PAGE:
8 January 2013
People should cut the number of hours spent watching television – which add up to 13½ years over an average lifetime – to reduce their risk from chronic disease, World Cancer Research Fund (WCRF) has said.
As New Year resolutions are considered, the cancer prevention charity has warned that sedentary behaviour could lead to obesity, an important factor in increased risk of developing cancer. It is also associated with type-2 diabetes and heart disease.
Sedentary behaviour – when minimal energy is spent, such as when sitting or lying down – is not just the absence of physical activity but is a separate behaviour in its own right. It is prevalent in all aspects of life: workers can spend most of the day sitting at a desk; leisure time often consists of long hours in front of a television; and modern transport, whether public or private, also encourages sedentary behaviour.
Kate Mendoza, Head of Health Information at WCRF, said: “People often assume that sedentary behaviour is the same as physical inactivity. But someone can do the recommended amount of daily physical activity but still be sedentary – for example, by spending an hour at the gym, then sitting at their desk all day and on the sofa in the evening.
“With a labour-saving device for most tasks, a large proportion of the UK population spends a significant part of the day sitting down. If people were to reduce prolonged periods of sedentary behaviour they would reduce their risk of serious diseases, including cancer.”
WCRF’s Second Expert Report, published in 2007, found convincing scientific evidence that sedentary living causes weight gain and obesity, the second biggest cancer risk factor after smoking.
Other research estimates that up to 15½ hours a day are spent engaging in sedentary behaviour in developed countries and that the link to cancer lies in the physiological changes when the body is inactive for long periods.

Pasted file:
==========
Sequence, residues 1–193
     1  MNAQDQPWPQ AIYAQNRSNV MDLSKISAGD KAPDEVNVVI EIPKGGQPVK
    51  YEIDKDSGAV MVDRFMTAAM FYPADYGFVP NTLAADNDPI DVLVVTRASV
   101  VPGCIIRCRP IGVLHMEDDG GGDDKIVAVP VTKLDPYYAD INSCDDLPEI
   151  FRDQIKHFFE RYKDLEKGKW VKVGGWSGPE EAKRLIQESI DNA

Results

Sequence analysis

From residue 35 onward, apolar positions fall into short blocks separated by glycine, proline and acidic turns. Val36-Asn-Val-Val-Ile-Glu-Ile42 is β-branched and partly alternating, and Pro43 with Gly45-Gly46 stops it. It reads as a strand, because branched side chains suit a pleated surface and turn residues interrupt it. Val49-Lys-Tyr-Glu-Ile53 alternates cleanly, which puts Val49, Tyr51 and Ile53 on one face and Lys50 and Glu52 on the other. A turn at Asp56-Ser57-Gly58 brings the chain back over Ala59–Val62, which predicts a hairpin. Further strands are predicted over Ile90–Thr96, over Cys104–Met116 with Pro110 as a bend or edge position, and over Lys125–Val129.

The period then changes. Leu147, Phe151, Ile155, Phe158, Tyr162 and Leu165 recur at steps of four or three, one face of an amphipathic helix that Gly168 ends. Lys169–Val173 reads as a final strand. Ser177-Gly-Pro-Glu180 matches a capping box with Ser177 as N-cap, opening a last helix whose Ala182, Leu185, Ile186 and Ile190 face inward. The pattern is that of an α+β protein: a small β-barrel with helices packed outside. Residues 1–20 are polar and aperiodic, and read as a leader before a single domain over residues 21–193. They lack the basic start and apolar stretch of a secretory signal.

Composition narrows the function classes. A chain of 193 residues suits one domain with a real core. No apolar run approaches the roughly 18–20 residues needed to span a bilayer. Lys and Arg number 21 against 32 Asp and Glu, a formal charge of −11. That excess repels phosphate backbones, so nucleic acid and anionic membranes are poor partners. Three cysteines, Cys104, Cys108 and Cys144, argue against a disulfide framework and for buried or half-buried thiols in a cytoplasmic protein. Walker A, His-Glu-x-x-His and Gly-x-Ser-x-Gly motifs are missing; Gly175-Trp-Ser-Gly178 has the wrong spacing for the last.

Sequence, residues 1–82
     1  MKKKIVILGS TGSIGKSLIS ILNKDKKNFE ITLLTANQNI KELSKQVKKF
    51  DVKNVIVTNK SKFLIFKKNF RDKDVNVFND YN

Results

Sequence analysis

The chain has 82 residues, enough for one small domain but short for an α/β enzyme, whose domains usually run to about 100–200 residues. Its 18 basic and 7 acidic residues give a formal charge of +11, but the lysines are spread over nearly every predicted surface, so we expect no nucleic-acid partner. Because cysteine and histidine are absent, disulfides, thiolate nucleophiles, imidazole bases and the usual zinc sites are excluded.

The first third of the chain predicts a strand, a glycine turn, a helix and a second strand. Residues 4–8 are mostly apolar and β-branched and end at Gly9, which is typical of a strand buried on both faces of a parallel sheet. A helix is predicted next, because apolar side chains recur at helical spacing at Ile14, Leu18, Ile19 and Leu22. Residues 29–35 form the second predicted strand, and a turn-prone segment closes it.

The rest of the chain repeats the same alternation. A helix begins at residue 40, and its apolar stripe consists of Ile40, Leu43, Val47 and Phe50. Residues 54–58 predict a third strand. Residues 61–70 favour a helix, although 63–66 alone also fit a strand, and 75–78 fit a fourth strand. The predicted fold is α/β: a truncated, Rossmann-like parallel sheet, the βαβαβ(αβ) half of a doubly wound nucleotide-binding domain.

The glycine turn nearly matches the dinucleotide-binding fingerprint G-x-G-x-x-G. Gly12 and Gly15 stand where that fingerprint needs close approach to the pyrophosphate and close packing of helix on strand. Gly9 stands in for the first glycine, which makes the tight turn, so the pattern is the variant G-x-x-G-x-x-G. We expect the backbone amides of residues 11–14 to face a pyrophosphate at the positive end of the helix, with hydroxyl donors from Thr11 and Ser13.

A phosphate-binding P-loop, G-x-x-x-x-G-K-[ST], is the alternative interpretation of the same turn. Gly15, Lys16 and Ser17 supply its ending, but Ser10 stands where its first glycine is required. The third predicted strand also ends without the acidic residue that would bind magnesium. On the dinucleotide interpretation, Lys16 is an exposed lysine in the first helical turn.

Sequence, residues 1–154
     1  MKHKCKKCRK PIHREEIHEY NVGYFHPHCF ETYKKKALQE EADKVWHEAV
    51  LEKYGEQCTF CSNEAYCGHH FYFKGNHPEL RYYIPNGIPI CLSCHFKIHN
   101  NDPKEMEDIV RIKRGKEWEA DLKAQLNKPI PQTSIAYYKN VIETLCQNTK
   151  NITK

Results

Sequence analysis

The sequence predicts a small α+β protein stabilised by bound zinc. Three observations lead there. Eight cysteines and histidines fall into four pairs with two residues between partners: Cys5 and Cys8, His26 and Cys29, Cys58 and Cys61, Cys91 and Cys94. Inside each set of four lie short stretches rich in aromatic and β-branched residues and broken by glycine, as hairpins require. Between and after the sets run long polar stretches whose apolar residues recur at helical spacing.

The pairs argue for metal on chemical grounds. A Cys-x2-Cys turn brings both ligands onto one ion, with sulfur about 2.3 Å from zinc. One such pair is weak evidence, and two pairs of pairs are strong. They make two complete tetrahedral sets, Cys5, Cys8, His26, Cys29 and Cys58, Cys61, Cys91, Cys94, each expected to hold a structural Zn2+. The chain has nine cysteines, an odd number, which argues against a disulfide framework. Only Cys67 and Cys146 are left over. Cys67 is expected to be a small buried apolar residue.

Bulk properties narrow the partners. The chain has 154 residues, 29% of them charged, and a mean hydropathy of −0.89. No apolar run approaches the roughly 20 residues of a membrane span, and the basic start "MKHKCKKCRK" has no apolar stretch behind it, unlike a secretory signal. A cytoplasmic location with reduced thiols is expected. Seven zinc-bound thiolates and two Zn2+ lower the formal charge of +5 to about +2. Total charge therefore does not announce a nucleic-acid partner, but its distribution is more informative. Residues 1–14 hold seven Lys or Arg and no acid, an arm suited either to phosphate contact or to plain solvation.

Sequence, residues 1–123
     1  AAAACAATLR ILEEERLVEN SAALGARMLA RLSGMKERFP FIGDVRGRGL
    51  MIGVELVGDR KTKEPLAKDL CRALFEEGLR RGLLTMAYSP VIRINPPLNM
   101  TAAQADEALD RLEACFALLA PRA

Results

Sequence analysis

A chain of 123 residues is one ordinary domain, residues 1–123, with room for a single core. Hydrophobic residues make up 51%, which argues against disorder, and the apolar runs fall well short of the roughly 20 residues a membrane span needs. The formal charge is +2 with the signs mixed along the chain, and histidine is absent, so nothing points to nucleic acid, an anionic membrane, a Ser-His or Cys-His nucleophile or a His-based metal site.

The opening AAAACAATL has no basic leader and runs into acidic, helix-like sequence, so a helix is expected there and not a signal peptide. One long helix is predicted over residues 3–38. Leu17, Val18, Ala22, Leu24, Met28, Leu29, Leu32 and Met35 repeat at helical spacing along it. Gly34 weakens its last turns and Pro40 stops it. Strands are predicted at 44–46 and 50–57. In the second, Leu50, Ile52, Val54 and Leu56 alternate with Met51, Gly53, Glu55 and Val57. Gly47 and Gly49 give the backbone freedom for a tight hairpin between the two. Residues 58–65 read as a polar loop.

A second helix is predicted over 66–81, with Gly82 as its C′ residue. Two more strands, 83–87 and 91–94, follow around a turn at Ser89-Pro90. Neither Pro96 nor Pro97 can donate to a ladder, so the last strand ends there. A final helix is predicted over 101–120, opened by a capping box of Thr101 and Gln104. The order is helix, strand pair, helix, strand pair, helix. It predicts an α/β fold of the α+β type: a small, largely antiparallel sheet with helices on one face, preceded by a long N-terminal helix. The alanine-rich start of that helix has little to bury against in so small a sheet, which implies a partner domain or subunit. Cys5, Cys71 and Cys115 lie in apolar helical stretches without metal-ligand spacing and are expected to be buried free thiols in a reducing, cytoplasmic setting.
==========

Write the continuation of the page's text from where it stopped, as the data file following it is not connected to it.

A recent study by the British Heart Foundation National Centre for Physical Activity and Health (BHFNC) found that sedentary behaviour generally rises with age, with a marked increase from approximately 60 onwards. Studies have also shown that women are more sedentary up to the age of 40 but men have higher levels after 60.
Research into sedentary behaviour is a relatively new field, but interrupting prolonged periods of sitting or lying down is the key to avoiding unhealthy patterns. At work, regular breaks such as getting up to speak to a colleague or making a drink will reduce sitting time, while at home setting ‘quotas’ for watching television or using a computer can also help.
World Cancer Research Fund (WCRF) raises awareness that cancer is largely preventable and helps people make choices to reduce their chances of developing the disease.
This includes research into how cancer risk is related to diet, physical activity, and weight management, and education programmes that highlight the fact that about a third of cancers could be prevented through changes to lifestyle. For more information on the charity’s work, visit www.wcrf-uk.org
The WCRF report, called Food, Nutrition, Physical Activity, and the Prevention of Cancer: a Global Perspective, was launched in November 2007 and is the most comprehensive report ever published on the link between cancer and lifestyle. For more information, visit www.dietandcancerreport.org